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Iraq: it was regime change « Previous | |Next »
December 16, 2009

Unlike Australia the British are conducting an actual public investigation (The Chilcot Inquiry) into the Iraq war. The inquiry will consider the period from the summer of 2001 to the end of July 2009, embracing the run-up to the conflict in Iraq, the military action and the aftermath. Hopefully it will address some of the more pressing questions about this period.

What has surfaced so far are the many false claims made by their government (along with the US and Australia) to justify their attack on Iraq. The false claims indicate the deceit and subterfuge that was used by Tony Blair to persuade parliament and the British people to support war in Iraq; a war they did not want.

BellSBlairIraqlies.jpg Steve Bell

Tony Blair, the former British Prime minister, has said that he would have invaded Iraq even without evidence of weapons of mass destruction and would have found a way to justify the war to parliament and the public.

It was regime change that was the basis for military action. But, as was suspected at the time, Blair like John Howard in Australia, needed to make to make a convincing case. So the WMD threat was invented as an excuse because using force to produce regime change on humanitarian grounds is not permissible under international law.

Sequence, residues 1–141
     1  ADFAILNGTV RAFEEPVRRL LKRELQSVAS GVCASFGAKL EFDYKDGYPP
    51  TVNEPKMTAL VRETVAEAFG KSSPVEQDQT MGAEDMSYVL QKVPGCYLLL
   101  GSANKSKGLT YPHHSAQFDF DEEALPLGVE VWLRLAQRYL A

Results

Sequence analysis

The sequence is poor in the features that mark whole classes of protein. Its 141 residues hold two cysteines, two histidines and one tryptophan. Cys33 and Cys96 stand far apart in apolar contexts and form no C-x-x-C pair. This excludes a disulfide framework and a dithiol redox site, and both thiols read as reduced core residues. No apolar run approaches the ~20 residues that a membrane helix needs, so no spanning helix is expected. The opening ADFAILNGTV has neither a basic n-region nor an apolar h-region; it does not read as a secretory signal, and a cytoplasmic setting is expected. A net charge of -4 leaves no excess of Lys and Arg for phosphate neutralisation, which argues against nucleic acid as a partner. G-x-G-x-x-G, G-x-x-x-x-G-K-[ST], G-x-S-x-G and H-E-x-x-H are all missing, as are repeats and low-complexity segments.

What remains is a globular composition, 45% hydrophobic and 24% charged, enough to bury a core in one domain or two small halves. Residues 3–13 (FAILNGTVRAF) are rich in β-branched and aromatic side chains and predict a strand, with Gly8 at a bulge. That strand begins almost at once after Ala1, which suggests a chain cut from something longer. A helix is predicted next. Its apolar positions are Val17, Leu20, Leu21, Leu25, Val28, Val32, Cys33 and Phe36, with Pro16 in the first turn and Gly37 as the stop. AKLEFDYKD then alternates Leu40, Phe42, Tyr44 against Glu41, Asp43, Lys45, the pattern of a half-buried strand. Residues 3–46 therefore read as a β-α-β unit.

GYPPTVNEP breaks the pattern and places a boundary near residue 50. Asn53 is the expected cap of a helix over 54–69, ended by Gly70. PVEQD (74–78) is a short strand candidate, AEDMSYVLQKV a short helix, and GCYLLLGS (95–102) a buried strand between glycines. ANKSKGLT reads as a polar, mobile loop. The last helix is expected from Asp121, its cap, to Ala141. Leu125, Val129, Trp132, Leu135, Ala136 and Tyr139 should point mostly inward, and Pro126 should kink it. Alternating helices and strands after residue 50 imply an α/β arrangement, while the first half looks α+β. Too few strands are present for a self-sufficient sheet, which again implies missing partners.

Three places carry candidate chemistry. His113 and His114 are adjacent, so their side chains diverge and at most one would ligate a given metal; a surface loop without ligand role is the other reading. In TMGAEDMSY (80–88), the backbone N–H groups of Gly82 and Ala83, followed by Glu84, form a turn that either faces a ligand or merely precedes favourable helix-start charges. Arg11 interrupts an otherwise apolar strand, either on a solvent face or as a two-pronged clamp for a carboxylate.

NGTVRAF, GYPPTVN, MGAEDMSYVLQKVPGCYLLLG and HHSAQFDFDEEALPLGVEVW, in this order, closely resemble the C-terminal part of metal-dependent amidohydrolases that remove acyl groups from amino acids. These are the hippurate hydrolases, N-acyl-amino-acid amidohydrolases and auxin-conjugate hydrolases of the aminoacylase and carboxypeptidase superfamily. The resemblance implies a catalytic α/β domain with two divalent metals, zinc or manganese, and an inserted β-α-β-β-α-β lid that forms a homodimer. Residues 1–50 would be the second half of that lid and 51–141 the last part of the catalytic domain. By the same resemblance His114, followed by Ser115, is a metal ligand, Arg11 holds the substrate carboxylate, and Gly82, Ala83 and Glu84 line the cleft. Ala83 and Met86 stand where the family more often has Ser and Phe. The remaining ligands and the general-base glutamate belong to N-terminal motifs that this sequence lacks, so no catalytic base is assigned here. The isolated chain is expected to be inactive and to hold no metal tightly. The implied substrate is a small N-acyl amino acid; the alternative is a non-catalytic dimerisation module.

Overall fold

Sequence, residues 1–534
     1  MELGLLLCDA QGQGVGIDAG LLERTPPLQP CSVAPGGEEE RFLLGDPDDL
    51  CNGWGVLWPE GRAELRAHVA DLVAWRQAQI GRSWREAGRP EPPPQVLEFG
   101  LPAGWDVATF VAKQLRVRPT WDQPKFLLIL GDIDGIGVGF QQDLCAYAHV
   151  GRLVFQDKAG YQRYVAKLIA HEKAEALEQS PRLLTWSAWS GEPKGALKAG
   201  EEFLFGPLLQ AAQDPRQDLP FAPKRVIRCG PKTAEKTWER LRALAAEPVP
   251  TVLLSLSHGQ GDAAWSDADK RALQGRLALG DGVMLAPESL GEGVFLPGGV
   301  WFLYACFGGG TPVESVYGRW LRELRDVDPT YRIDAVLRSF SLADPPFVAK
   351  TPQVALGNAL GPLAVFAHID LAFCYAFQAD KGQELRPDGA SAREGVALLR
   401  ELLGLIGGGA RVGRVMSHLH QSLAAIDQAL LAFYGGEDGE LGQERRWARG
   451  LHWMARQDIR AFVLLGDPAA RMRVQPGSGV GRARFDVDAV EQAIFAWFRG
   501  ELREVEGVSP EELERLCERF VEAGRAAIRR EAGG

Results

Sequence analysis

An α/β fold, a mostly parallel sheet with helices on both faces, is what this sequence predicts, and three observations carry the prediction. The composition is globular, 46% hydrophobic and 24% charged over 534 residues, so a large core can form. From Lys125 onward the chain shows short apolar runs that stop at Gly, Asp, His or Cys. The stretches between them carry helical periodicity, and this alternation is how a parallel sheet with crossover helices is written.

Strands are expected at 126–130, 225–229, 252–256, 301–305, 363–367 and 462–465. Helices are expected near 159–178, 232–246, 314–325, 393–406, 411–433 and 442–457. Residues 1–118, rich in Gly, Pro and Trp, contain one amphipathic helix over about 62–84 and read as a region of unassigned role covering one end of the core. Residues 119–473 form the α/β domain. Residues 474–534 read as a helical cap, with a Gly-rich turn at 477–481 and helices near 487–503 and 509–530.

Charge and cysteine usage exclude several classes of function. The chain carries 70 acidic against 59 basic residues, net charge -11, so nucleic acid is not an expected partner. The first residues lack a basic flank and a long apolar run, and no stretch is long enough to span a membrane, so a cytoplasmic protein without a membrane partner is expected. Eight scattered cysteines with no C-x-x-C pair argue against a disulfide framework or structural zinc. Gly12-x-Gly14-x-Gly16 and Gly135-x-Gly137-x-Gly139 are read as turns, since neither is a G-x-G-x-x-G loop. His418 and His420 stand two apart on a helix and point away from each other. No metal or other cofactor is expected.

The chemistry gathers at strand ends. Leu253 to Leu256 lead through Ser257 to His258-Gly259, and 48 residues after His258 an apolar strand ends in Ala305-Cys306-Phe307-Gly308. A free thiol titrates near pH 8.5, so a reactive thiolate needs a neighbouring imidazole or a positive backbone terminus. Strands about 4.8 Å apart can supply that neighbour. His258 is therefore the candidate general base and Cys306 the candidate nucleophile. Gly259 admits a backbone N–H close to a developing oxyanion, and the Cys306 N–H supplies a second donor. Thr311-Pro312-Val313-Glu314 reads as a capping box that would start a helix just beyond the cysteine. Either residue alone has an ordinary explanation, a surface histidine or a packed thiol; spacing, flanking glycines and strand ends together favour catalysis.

And, as we suspected, Washington called the shots and Britain, just like Australia, fell into line with th beat of Washington's war drums.

| Posted by Gary Sauer-Thompson at 10:06 AM | | Comments (10)


Gary I don't even think it was regime change, in the sense that they developed a rational cause-and-effect argument or did any kind of cost/benefit analysis. It was just all instinct and emotion by a bunch of egotistical, precious, unintelligent heads of government, egged on by assorted vested interests with a variety of agendas ranging from the Israel lobby to corporations that (correctly) saw it as a pathway to enormous wealth. Bush and company wanted to unleash their awesome military machine on someone and the hapless Iraqis just happened to be in the wrong place at the wrong time.

Am trying to remember who the subject and artist of the original painting was, on which the cartoon is based. Some pope or cardinal in the sixteenth or seventeenth centuries- wish I could remember exactly.
Is, or has, Blair been ever been diagnosed with a personality disorder?
If the answer is positive, does this mean we could apply a similar diagnosis to certain figures on the current Australian ALP right.
Perhaps we would then be better justified in getting rid of some of them BEFORE further damage is done, preferably by hanging, drawing and quartering ( after a right flaying and protracted hot collaring, of course!)

What Ken said.

Which was what was said by critics, probably including Ken, at the time cos it was bleeding obvious then and even more so now hundreds of thousands of dead people later.

I would recommend this article by Naomi Klein for a [part] analysis of why we went to Iraq.
Sub-titled "Pillaging Iraq in pursuit of a neocon utopia" it starts slowly but the latter section is strong.

the artist was Francis Bacon.

a money quote from the Naomi Klein article in Harpers: